Heatstroke: Help, Support and Overcome
Heatstroke is a type of heat-related illness characterized by dramatic rise in body temperature within a short period. Prolonged exposure to a heat wave combined with dehydration is responsible for this condition. In normal weather conditions, the heat generated in the body, as a part of the metabolism process, escapes through the skin through evaporation of sweat. In extreme heat, the body might fail to dissipate the heat, resulting in dramatic increase in temperature. This condition is usually induced by dehydration, when the body lacks sufficient fluid to enable sweat production. As a result, the rate of heat production is significantly higher than the rate of heat loss, and the body temperature rises.
Heatstroke can affect any person regardless of age, gender and health condition. However, infants, older adults above 65 years of age, and individuals engaged in strenuous physical activities in strong sunlight are most vulnerable to this condition. Certain chronic health problems such as lung diseases or cardiovascular problems can make a person susceptible to heatstroke. Diuretics, certain blood pressure lowering medications, antidepressant and antipsychotics can affect the body’s response to heat and the ability to retain hydration, increasing the risk of heat stroke.
If steps are not taken to bring down the body temperature rapidly, the brain and the other vital organs in the body will swell, causing permanent damage to the organs, which might even result in death.
Help and Support for Heatstroke
Heatstroke is broadly divided into two categories: nonexertional heatstroke and exertional heatstroke. Prolonged exposure to hot and humid environment can push up your body temperature even without any physical activities, leading to heatstroke. Rise in body temperature induced by strenuous physical activities in hot environment causes exertional heatstroke. In either form of heatstroke, various accompanying factors might accelerate heat loss and dehydration. Wearing tight clothes inhibits sweat evaporation, slowing down the normal cooling process of the body. Drinking insufficient fluid or drinking alcohol increases the risk of dehydration in hot weather.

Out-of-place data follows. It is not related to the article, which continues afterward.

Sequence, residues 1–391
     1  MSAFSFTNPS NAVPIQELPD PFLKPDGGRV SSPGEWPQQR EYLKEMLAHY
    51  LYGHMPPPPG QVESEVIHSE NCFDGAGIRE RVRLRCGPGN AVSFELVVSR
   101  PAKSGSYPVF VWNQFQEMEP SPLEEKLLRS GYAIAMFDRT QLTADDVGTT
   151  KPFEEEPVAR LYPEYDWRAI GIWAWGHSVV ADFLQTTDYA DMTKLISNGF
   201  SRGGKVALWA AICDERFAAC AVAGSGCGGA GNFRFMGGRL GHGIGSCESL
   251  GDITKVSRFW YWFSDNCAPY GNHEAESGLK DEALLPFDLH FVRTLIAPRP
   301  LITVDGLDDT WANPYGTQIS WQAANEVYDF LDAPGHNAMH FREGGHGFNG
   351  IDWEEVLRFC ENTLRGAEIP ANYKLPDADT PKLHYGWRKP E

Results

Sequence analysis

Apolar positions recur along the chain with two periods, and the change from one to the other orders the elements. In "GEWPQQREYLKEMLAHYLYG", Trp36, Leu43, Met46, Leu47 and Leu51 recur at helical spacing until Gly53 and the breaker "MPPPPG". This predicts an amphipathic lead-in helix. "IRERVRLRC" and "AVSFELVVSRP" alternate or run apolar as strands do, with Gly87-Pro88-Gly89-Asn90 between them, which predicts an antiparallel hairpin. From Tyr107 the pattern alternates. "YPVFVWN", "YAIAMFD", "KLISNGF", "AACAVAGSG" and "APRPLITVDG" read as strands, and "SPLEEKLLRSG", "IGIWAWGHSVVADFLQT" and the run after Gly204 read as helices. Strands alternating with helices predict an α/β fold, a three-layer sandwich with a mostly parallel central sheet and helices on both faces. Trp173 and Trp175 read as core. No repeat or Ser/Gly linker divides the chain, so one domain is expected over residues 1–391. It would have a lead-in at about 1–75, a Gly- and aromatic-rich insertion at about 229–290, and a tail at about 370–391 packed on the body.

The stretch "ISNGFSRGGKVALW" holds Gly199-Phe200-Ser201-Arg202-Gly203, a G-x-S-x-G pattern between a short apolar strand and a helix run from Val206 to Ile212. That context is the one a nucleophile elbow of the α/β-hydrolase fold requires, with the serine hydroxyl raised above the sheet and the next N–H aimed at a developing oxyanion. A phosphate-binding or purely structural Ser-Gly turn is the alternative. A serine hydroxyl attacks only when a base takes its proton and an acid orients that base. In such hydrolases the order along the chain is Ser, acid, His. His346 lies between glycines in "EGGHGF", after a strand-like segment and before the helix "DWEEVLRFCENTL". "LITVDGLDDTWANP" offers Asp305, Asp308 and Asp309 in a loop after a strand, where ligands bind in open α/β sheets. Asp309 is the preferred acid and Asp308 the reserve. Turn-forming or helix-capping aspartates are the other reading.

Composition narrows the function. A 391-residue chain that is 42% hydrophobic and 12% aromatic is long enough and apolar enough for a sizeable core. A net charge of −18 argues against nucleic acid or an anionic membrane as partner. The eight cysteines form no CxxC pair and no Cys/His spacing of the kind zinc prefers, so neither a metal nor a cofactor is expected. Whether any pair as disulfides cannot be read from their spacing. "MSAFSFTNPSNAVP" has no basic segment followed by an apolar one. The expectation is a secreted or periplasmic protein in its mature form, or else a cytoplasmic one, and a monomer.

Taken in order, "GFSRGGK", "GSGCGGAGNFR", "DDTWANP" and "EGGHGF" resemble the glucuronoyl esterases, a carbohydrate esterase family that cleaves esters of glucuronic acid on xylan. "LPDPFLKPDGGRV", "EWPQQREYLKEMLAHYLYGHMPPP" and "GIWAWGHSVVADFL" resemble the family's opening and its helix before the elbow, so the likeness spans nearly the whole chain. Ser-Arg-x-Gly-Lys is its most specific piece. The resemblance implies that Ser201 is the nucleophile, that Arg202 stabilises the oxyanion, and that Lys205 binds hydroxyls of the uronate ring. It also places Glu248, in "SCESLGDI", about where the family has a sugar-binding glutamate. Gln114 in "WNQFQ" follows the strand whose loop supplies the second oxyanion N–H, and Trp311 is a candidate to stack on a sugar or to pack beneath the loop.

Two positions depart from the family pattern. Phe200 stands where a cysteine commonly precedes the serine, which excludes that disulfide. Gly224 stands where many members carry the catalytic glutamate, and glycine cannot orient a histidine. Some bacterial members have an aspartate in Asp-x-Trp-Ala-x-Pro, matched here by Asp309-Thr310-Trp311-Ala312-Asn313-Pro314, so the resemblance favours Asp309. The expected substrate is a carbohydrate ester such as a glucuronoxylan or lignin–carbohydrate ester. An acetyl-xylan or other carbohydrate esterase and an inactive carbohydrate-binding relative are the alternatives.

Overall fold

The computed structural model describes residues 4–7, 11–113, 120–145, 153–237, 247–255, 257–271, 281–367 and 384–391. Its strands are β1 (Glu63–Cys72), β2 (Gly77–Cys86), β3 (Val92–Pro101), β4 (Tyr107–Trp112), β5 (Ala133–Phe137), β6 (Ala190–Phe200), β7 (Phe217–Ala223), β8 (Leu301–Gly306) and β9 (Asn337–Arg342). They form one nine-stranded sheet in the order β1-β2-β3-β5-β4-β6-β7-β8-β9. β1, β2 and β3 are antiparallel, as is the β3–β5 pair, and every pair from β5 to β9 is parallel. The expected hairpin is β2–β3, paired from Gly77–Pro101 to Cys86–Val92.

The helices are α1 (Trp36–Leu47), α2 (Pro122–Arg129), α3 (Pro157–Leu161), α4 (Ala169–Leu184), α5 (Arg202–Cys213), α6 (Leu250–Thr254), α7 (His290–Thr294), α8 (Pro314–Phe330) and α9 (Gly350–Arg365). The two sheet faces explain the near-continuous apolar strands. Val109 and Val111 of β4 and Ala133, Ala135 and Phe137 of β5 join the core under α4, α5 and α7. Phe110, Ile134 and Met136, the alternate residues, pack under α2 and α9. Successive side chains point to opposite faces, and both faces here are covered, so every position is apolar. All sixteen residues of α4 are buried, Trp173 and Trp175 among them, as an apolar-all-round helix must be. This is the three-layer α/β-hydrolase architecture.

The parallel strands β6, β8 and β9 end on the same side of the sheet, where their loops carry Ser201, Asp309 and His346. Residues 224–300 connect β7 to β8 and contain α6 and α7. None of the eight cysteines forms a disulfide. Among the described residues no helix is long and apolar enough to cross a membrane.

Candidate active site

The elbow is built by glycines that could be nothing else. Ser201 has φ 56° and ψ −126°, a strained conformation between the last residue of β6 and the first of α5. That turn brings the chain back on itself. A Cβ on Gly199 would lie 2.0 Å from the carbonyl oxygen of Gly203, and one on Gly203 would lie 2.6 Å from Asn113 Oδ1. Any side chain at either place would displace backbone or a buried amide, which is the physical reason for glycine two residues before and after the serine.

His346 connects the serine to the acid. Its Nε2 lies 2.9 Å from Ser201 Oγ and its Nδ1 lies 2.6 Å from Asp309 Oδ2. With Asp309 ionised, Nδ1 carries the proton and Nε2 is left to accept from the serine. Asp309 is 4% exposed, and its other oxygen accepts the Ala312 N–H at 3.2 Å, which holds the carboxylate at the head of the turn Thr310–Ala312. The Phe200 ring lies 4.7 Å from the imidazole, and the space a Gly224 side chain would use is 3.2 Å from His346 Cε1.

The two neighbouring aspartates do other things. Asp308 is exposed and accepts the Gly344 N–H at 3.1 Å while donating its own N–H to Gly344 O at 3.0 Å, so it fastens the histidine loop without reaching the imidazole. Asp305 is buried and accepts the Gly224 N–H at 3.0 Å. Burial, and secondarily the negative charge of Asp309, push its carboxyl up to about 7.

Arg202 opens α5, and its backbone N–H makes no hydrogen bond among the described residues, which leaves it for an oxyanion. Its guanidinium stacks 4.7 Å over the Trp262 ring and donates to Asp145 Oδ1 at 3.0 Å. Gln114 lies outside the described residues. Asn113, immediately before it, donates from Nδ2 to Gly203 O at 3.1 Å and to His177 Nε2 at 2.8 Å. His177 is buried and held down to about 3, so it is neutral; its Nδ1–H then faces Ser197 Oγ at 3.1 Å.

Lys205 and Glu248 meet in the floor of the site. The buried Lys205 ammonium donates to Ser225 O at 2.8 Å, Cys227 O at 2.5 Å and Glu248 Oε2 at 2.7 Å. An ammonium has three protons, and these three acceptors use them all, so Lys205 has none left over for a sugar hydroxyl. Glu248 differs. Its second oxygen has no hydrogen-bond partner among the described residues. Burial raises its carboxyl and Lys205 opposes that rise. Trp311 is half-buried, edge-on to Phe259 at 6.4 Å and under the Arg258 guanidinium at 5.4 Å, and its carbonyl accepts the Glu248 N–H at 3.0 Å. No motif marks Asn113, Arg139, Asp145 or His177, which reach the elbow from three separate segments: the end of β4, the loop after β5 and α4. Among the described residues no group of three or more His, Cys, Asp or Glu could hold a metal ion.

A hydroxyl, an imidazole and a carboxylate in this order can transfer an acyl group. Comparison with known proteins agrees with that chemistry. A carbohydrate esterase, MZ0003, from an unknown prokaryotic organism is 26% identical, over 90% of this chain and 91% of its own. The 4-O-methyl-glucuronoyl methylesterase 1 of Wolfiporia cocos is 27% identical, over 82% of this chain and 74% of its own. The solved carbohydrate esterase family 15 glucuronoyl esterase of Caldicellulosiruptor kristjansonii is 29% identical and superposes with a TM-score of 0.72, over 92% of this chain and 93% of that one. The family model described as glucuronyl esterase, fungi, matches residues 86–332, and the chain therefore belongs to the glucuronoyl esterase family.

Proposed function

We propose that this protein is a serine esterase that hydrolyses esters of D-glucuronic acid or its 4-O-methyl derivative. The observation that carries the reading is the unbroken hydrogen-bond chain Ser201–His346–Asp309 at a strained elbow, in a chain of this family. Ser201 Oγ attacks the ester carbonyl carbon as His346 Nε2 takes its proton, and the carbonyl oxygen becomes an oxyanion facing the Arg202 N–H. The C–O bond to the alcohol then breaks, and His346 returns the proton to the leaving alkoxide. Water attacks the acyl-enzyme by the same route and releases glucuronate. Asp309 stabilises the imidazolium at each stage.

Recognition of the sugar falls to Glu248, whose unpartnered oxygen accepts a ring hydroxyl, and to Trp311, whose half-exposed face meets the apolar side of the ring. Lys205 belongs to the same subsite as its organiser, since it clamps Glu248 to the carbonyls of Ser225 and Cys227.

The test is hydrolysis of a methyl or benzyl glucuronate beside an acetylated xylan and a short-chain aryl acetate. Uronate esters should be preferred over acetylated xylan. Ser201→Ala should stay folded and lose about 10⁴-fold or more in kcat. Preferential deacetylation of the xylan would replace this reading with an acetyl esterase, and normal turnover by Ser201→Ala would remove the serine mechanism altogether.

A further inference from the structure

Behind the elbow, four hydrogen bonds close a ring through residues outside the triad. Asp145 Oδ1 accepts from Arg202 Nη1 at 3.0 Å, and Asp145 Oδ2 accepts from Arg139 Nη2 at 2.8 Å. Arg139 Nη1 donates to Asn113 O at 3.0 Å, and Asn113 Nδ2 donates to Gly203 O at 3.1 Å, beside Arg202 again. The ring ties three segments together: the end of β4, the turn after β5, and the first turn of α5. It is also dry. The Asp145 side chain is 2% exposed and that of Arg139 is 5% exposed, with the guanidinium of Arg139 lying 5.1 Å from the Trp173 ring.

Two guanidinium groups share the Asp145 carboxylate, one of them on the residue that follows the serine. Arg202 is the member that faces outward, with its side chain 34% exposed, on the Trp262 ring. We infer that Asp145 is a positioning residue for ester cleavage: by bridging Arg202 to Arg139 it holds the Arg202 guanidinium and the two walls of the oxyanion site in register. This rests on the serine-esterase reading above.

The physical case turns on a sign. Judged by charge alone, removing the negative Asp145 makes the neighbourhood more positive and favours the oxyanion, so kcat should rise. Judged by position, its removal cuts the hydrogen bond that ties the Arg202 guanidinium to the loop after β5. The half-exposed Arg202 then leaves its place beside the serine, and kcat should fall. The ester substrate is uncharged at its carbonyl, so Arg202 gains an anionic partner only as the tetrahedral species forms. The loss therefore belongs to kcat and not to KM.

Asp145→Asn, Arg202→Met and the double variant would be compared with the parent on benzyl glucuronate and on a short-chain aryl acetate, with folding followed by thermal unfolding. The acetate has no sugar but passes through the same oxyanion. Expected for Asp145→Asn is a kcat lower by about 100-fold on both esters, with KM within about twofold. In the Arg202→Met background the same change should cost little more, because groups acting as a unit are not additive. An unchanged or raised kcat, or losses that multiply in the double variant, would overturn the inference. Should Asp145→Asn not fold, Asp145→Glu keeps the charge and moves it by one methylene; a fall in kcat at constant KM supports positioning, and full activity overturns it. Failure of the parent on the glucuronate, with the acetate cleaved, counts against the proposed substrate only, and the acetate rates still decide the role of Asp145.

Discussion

Sudden rise in body temperature to 104 degree Celsius or above, accompanied by lack of perspiration is the main sign of heatstroke. You might experience nausea, vomiting, rapid heartbeat, headache, dizziness, rapid breathing, weakness and muscle cramps. A person affected by heatstroke might become unconscious, and in the worst case, can pass into coma.
Avoiding the sun, drinking sufficient water and fluid, wearing loose fitting and light colored clothes on hot summer days can protect you from heatstroke.
The symptoms are usually sufficient for detecting heatstroke. However, additional diagnostic tests such as a blood test, urine test, muscle function tests and imaging tests might be recommended for assessing complications related to the ailment.
Cooling the body is the main objective of heatstroke treatment. Usually the patient is soaked in cold water or packed with special cooling blankets to lower the body temperature. To prevent the body from shivering, which reduces the effectiveness of the treatment, your doctor might give you benzodiazepine based medications that help the muscles to relax. The treatment will last until your body temperature is normalized. The patient might be kept under observation for a few days. Heatstroke is an emergency condition. It cannot be treated at home with home remedies.
Nonetheless, in mild cases of heatstroke, moving the patient to a cool shady space and giving the patient a rehydrating drink might provide some relief before the patient is taken to a hospital.